For more than two months this summer, 10 Wake Forest University students from diverse cultural and racial backgrounds will participate in an internship program designed to celebrate the 40th anniversary of the original 1964 Freedom Summer and to renew an interest in the unfinished work of the civil rights movement in the South.
Freedom Summer 2004, an internship program sponsored by the Third Reconstruction Institute, affiliated with the Industrial Areas Foundation (IAF), commemorates the 1964 Freedom Summer, a project of the Student Nonviolent Coordinating Committee and other civil rights groups that brought student and non-student volunteers to Mississippi in an effort to work on voter registration campaigns and advance the cause of the civil rights movement in the South. The 2004 internships bring students from a variety of backgrounds to work with grassroots, multi-racial, ecumenical citizen groups in North Carolina, Tennessee and Mississippi.
Students from Wake Forest will work with local groups in Winston-Salem, Raleigh, Charlotte and Oxford, Miss., on projects dealing with issues of education reform, economic justice, neighborhood development, health care access, organizational development, immigrant rights and voter rights and education.
“The goal of this program is to light a fire in students for finishing the work of the civil rights movement,” said Stephen Boyd, chair of the religion department at Wake Forest.
“What people need to do and what we hope students in this program will do is engage one another across racial lines, and catch this vision that the good for any of us is good for all of us,” Boyd said.
Boyd, who is an active member of Communities Helping All Neighbors Gain Empowerment (CHANGE), the Winston-Salem affiliate of the IAF, was instrumental in bringing the Freedom Summer program to Wake Forest. He said he has been impressed by the response of the Wake Forest students who are participating, noting that the university’s 10 interns are the most from any university in the state. Other universities sending students to the program include Duke University, Shaw University, North Carolina Agricultural and Technical University and North Carolina Central University.
Between 25 and 30 Freedom Summer interns will be at Wake Forest June 10 – 12 for training and orientation. After the training, the interns will be sent to a variety of locations in the South for their eight week internships.
Aja Brooks, a Wake Forest student from Hobbs, N.M., who is participating in the internship, said the Freedom Summer 2004 program will provide good training as she plans to pursue a career as a lawyer dealing with civil rights issues. Her experience with the growing Hispanic population in New Mexico has driven her interest in issues concerning immigrant rights, she said. Brooks will spend her internship working with CHANGE in Winston-Salem.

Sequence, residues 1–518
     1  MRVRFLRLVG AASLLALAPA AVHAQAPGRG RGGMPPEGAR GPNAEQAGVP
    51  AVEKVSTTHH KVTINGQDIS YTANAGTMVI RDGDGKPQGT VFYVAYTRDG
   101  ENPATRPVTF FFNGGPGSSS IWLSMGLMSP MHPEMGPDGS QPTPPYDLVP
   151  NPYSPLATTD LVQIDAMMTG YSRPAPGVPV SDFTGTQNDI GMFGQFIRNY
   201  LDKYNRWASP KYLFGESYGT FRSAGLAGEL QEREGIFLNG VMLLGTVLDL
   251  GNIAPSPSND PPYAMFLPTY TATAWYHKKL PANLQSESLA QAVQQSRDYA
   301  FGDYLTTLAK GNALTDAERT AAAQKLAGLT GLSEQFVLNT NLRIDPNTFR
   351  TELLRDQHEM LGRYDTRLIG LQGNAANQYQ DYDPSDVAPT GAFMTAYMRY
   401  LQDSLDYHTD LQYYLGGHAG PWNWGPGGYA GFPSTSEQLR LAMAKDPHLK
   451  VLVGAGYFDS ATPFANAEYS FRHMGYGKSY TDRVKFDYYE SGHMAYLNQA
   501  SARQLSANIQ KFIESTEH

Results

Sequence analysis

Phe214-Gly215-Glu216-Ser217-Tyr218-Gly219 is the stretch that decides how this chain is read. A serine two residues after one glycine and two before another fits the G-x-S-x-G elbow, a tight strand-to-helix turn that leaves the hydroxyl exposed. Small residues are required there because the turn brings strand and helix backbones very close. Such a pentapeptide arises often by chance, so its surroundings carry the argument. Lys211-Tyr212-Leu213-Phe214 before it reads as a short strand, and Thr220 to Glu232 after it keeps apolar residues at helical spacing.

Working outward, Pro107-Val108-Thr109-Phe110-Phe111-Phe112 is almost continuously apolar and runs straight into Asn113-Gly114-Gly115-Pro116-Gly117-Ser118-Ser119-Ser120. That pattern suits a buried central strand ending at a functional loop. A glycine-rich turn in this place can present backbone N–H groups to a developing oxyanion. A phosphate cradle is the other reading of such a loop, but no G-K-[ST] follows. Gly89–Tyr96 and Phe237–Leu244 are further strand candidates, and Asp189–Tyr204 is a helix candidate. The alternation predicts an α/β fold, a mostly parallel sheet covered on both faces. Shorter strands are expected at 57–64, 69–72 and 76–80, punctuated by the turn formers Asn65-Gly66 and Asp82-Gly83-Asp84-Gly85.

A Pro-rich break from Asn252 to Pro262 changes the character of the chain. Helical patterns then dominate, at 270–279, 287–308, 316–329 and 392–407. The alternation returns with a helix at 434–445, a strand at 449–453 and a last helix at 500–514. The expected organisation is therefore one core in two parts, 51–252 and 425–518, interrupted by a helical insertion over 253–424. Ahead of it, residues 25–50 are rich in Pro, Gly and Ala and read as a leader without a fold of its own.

“The growing Hispanic population encounters some of the very same problems that African-Americans did in the sixties,” Brooks said. “The dynamics of the world are changing, and the way we approach civil rights issues must change too. We have to ensure that the fight isn’t exclusive – that it applies to everyone.”
In addition to Brooks, Rebecca Cook, a Wake Forest student from Kenya, and Cameron Latimer, a student from Mitchellville, Md., will be working with CHANGE in Winston-Salem. Terrell Nicholson, a Wake Forest student from Nashville, N.C., and Kyle Layman, a student from Burlington, N.C., are going to Raleigh to work with Raleigh Organized for Action and Results (ROAR).
Polly Elbertse, a Wake Forest student from Hilton Head, S.C., and Jennifer Holland, a student from Huntersville, N.C., will be working in Charlotte with Helping Empower Local People (HELP), the oldest IAF organization in North Carolina.
Three Wake Forest students, including Jeanetta Craigwell-Graham from Goldsboro, N.C., Ashleigh Lawrence from Huger, S.C., and William Murphy from Dunn, N.C., will be going to Oxford, Miss., to work with the AMOS Network, a statewide organization that is active in many communities that were impacted by the original 1964 Freedom Summer.
Murphy, who is a political science major, said he is looking forward to traveling to the Deep South to help those who face racial, economic and social challenges.
“It’s unlikely that I will be able to change everything in Mississippi in the short time I am there, but I know that I am going to be changed through this experience,” Murphy said. “Living in a totally different surrounding and working in harsh conditions far from the comfortable environment in which I live now can only empower my drive and desire to come back home and work for social change everywhere. I may be devoting my time, brainpower and action to this cause, but I know that this program will give me so much more than I could ever give it.”
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